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Opera North: Così fan tutte -The Lowry, Salford

Reviewer: David Cunningham

Composer: Wolfgang Amadeus Mozart

Librettist: Lorenzo Da Ponte

Director: Tim Albery

It is surprising Mozart’s Così fan tutte has not been added to the list of shows like The Merchant of Venice or The Taming of the Shrew which are regarded as problematic in our sensitive times. After all, the basis of the plot is that women are all the same- untrustworthy and liable to change affections.

Philosopher Don Alfonso (Quirijn de Lang) believes if put to the test all women will prove unfaithful. To prove his point Don Alfonso has a wager with Ferrando (Anthony Gregory) and Guglielmo (Henry Neill) which involves them pretending they have been called-up for military service. They return in disguise as foreign strangers to try and seduce their lovers, sisters Fiordiligi (Alexandra Lowe) and Dorabella (Heather Lowe). If they succeed Don Alfonso will have proved all women are fickle but if the sisters reject their potential new lovers, the friends will win a substantial sum of money. However, as the sisters’ maid Despina (Gillene Butterfield), has already suggested to them the best way to mend a broken heart is to take another lover, it starts to look likely Don Alfonso will be able to claim he is right about the fickleness of women.

Although set in the 18th Century, with suitably lavish costumes and sets from Tobias Hoheisel this is a very modern production sung in English. Director Tim Albery tones down the misogyny underlying the plot partly by demonstrating, in act two, the emotional consequences of taking part in such a thoughtless scheme.

The scientific nature of the wager is emphasised by Tobias Hoheisel’s striking set. Entering the theatre, the audience is greeted by the lens of an old-style black box camera pointing directly from the stage. The action plays out inside the camera with doors sketched on walls in chalk as if the characters are under scientific observation.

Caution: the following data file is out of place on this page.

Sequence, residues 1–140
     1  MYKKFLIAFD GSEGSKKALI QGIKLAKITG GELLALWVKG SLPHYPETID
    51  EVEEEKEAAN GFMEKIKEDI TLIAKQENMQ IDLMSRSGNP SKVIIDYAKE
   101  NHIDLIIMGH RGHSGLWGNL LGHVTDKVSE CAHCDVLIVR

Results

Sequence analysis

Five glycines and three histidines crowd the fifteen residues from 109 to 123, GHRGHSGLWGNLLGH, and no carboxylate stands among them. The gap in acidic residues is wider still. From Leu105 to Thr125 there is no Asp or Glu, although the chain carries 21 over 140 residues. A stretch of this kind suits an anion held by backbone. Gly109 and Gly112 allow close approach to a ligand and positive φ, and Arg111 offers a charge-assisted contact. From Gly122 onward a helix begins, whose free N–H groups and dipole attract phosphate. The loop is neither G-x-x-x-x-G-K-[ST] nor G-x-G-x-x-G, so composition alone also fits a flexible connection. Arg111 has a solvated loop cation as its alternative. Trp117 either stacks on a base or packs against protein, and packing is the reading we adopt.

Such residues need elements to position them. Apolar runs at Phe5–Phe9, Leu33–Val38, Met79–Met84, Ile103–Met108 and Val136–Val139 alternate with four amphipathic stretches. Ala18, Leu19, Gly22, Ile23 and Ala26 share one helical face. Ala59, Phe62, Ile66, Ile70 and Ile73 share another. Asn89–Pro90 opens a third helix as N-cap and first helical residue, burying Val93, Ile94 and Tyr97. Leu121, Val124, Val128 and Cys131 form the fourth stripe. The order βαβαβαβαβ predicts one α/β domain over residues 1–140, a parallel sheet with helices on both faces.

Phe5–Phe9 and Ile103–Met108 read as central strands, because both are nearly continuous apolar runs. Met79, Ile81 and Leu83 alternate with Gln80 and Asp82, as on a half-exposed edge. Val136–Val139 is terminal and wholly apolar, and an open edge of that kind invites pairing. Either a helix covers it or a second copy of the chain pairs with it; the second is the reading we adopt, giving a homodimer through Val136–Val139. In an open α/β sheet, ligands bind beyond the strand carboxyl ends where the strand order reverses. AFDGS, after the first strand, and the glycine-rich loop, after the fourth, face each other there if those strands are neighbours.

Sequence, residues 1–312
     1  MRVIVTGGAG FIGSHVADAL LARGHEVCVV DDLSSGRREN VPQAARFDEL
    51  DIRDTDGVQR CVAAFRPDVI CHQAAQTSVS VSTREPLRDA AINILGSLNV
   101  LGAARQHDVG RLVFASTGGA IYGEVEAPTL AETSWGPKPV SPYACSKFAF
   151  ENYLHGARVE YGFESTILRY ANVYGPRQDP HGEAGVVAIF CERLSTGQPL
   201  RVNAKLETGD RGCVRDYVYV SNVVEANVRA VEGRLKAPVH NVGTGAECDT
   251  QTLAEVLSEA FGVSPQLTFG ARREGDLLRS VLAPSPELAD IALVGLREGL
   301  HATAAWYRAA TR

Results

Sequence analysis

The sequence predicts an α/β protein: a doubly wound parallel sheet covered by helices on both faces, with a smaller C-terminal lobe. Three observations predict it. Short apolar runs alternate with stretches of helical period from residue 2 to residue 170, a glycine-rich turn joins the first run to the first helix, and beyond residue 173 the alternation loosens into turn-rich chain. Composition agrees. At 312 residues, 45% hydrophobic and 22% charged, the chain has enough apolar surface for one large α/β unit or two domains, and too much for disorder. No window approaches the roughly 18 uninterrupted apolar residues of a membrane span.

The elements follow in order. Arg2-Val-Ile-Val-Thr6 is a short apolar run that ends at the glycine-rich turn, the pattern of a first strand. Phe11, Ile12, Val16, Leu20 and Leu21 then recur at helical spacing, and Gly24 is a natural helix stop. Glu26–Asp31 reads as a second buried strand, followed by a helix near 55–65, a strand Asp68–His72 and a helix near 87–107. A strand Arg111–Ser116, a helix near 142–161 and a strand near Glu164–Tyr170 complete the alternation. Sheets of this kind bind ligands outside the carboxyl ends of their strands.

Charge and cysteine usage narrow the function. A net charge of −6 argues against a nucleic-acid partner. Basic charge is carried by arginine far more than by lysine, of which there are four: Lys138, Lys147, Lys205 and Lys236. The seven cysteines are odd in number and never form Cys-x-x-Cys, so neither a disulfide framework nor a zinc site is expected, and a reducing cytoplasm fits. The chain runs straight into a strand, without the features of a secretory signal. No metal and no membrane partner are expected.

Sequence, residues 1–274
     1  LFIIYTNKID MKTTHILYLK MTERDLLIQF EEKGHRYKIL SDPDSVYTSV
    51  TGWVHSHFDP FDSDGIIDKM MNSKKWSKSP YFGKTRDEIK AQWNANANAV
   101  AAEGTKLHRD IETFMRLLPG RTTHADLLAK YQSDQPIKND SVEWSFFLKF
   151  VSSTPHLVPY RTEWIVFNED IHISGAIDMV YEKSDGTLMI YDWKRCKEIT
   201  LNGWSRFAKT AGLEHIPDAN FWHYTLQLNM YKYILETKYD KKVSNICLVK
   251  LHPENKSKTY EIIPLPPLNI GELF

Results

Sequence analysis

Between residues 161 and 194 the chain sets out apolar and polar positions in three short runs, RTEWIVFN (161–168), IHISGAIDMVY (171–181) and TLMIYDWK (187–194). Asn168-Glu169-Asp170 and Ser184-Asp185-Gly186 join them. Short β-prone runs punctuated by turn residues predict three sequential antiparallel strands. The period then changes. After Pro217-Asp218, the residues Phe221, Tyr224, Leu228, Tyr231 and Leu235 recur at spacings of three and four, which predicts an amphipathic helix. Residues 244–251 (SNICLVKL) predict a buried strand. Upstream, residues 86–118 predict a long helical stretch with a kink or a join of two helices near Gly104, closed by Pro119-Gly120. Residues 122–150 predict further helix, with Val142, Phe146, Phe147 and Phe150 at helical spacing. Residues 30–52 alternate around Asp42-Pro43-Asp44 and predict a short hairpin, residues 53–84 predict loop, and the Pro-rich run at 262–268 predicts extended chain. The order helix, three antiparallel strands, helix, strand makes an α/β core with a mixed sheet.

Quirijn de Lang’s Don Alfonso is not a jaded roué but an austere scientist /philosopher albeit one who takes an unhealthy pleasure in testing his theories upon other people. He helps to set a knowing tone to act one by regularly breaking the fourth wall to cue the orchestra when to dramatically emphasise points in his scheme and generally tips the wink to the audience the plot is not to be taken too seriously.

The acting at moments of high tension in act one- the male lovers feigning being poisoned – is deliberately amateurish. The overall effect is to create an atmosphere of wilful self-deception which makes it possible to accept two intelligent women would fail to recognise their boyfriends when they are wearing ridiculously inadequate disguises.

There is an ongoing visual pun on the title which opines all women are the same. In the opening scenes both sets of lovers, male and female, are dressed and behave identically to the extent they could have been cloned. A key point in the second act is Despina persuading the sisters to dress more individualistically which marks a distinct shift in tone.

The comedy remains with the characters unintentionally changing partners, but director Albery explores the emotional consequences of the experiment and reminds the audience those involved are people with feelings rather than emotionless test subjects. Alexandra Lowe’s tortured struggle with temptation and guilt is the perfect summation of the second act.

Instead of moving towards a glorious comic mess the second act shifts towards chaos and suggests none of the characters is satisfied with the outcome of the experiment but rather confused and disconcerted.

Opera North’s Così fan tutte is a very modern and accessible version of the classic which retains the comic and farcical elements while exploring the emotional consequences of undertaking such an extreme test of human nature.

Reviewed on 21 March 2024

The Review Hub Score

Comic and chaotic

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The North West team is under the editorship of John McRoberts. The Reviews Hub was set up in 2007. Our mission is to provide the most in-depth, nationwide arts coverage online.

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